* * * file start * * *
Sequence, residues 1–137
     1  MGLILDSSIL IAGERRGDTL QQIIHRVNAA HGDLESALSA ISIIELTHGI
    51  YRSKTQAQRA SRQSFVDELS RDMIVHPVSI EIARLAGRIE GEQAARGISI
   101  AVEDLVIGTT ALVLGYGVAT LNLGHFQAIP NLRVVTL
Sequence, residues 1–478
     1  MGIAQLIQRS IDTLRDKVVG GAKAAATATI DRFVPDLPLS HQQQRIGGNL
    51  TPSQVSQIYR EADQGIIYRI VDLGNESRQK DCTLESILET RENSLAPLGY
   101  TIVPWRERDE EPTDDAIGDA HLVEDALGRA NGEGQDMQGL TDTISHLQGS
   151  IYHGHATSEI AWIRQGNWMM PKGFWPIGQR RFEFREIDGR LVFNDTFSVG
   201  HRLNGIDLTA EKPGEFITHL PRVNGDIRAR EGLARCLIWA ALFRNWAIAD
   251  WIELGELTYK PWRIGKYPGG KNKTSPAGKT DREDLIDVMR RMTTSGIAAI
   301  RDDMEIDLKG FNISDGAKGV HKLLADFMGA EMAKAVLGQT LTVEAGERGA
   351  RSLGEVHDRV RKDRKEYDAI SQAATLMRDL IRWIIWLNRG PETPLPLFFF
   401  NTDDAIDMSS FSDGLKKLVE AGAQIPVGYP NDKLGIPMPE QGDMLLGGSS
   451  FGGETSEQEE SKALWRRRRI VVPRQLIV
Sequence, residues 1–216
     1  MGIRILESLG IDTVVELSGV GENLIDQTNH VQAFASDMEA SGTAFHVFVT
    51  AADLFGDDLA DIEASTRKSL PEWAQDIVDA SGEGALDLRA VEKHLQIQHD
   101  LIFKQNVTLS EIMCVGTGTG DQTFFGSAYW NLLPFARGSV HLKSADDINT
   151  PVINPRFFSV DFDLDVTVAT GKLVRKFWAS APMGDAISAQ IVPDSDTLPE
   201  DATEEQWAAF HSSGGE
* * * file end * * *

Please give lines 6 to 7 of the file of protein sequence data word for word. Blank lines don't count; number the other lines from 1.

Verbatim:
     1  MGIAQLIQRS IDTLRDKVVG GAKAAATATI DRFVPDLPLS HQQQRIGGNL
    51  TPSQVSQIYR EADQGIIYRI VDLGNESRQK DCTLESILET RENSLAPLGY